Wednesday, August 24, 2016
The decade began with John Fitzgerald Kennedy; it ended with Richard Nixon and Spiro Agnew. Yet -- compared to the political cesspool we're all drowning in today, a cesspool which has spat up the most loathsome and criminal candidates in United States history, the Presidential campaigns of those years clearly retain a connection between what Americans voted for and what they got. Yes, American politics even in the best of times was mostly a war among (usually hidden) elites, yet previously with enough cracks in the system to allow for true citizen influence. Now the cracks are all paved over, paving done by (among others) a Wall Street pimp and Drone Killer -- King of the Nowhere People -- who sucked many of us in eight years ago; or by a cranky gutless old man from Vermont, who conned many youngins throughout 2016. Now it is Endgame, the moment totalitarian corporatists have been moving toward since November 1980: a world with an absolute connection between wealth and political influence; a world with no connection between public needs and public policy. How tragic the American Democratic Experiment will soon result, less than 250 years after it began, in the most total of totalitarian states, one where the air we breathe, the water we drink, the hopes and dreams we have for our children will all be commodified. . .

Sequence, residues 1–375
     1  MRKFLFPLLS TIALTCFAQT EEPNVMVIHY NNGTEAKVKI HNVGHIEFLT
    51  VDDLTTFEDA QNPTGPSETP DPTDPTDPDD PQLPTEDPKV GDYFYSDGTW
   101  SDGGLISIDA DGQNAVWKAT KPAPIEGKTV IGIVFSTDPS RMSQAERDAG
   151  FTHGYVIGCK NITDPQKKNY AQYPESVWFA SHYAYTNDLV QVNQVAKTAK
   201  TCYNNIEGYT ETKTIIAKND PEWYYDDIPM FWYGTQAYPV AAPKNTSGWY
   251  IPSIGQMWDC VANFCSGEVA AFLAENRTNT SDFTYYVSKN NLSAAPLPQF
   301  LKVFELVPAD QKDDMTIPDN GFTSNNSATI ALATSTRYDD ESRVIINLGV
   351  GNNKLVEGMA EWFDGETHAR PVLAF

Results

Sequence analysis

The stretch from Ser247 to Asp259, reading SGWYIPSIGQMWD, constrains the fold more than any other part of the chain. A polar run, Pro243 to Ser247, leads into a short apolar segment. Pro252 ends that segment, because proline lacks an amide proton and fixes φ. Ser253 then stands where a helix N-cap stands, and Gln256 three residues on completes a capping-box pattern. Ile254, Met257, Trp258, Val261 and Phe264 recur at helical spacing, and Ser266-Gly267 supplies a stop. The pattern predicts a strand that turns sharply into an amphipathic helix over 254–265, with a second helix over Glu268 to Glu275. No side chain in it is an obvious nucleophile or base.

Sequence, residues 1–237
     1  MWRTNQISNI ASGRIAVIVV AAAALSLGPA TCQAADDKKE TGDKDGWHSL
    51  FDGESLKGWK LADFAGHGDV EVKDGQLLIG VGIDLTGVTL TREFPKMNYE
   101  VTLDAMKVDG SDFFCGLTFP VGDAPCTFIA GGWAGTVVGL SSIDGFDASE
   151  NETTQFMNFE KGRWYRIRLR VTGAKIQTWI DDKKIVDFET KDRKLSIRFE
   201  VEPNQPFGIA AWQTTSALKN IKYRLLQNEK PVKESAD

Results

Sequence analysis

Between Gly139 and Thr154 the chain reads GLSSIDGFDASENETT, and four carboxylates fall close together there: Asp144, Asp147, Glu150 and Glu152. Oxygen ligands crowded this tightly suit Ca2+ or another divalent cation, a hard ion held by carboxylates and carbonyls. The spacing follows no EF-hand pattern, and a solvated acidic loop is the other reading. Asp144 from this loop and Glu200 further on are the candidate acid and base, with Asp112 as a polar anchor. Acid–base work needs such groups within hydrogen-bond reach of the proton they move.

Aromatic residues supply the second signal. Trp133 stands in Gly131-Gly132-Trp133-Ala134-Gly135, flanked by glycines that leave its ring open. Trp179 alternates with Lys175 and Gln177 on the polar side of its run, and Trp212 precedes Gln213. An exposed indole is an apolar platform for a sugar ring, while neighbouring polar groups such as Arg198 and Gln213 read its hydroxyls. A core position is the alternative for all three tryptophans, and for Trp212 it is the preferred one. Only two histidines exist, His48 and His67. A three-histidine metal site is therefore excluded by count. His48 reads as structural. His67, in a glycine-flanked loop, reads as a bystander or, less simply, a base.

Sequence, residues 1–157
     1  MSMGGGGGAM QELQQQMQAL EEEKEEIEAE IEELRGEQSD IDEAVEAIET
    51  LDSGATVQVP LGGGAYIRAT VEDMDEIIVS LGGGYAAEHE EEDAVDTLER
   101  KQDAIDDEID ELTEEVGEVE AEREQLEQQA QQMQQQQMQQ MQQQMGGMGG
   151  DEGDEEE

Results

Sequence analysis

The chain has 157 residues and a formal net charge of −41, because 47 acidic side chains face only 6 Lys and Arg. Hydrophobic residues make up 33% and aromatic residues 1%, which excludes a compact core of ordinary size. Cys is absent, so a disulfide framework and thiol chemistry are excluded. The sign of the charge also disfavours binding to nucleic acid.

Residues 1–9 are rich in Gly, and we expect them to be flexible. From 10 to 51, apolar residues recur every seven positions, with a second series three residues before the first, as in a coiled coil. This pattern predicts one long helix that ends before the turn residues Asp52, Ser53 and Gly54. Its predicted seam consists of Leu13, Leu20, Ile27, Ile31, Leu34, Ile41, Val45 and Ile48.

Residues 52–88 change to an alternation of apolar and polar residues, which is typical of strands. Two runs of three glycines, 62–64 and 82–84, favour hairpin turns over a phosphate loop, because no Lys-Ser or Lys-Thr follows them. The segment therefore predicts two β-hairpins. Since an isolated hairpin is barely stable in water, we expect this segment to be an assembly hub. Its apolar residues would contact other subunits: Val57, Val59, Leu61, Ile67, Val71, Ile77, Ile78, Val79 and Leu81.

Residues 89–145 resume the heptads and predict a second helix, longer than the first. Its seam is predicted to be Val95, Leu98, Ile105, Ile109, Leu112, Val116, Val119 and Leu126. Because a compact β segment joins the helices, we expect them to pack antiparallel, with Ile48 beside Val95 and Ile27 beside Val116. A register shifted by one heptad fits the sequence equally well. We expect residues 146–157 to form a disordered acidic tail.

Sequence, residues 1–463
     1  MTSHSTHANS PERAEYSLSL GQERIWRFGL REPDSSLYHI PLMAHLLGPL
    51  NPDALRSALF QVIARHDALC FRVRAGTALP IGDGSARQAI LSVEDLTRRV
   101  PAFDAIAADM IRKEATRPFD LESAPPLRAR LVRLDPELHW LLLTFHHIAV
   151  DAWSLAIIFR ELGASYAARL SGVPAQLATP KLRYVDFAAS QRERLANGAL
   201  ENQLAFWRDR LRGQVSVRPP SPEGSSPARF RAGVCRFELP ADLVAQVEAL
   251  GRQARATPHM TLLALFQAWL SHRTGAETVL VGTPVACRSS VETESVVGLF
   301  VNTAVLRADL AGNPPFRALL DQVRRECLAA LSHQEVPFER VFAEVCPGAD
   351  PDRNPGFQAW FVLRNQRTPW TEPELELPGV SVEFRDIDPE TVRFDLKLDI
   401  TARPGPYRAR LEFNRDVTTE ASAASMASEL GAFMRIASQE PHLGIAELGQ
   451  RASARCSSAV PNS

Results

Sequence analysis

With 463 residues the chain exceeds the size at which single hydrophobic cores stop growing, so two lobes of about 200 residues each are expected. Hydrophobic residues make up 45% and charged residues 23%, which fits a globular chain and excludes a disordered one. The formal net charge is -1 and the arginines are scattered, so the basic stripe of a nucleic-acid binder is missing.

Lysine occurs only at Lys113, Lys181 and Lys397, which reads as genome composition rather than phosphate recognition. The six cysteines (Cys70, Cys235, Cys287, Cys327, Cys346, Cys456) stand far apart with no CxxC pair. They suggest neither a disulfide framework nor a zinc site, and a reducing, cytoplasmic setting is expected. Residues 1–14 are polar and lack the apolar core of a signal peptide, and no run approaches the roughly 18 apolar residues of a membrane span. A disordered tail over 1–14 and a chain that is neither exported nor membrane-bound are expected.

But not then, not yet. Theodore H. White was the establishment's favorite political reporter during the 1960s, most certainly because none of his books mention 1950s culture and the sexualization of what was pretty neutral stuff pre-rock and pre-TV, nothing about the rise of the military-industrial-intelligence complex, nothing about the Dulles Brothers(et al), nothing about the vast nationalist movements across the world, nothing about the militarization of the society, nothing about the rise of the Western Cowboy economies (space, oil, weapons, big agriculture), nothing about class, nothing about capitalism itself or corporations (the words "capitalism / corporation" are not mentioned in any of his four books, totaling more than 2,000 pages!), and nothing about the slow takeover of media by the far right. His Making of the President series are fables about good men and bad men struggling to succeed in a system recognizable in the front pages of the New York Times, as well as from all elementary school books. As are the television documentaries made from White's volumes. . .
Produced by David Wolper, financed by Xerox, narrated by Martin Gabel, the movies are shadowless, from a time when the shadows were sometimes dominated by the light.
Posted by EJK at 9:04 PM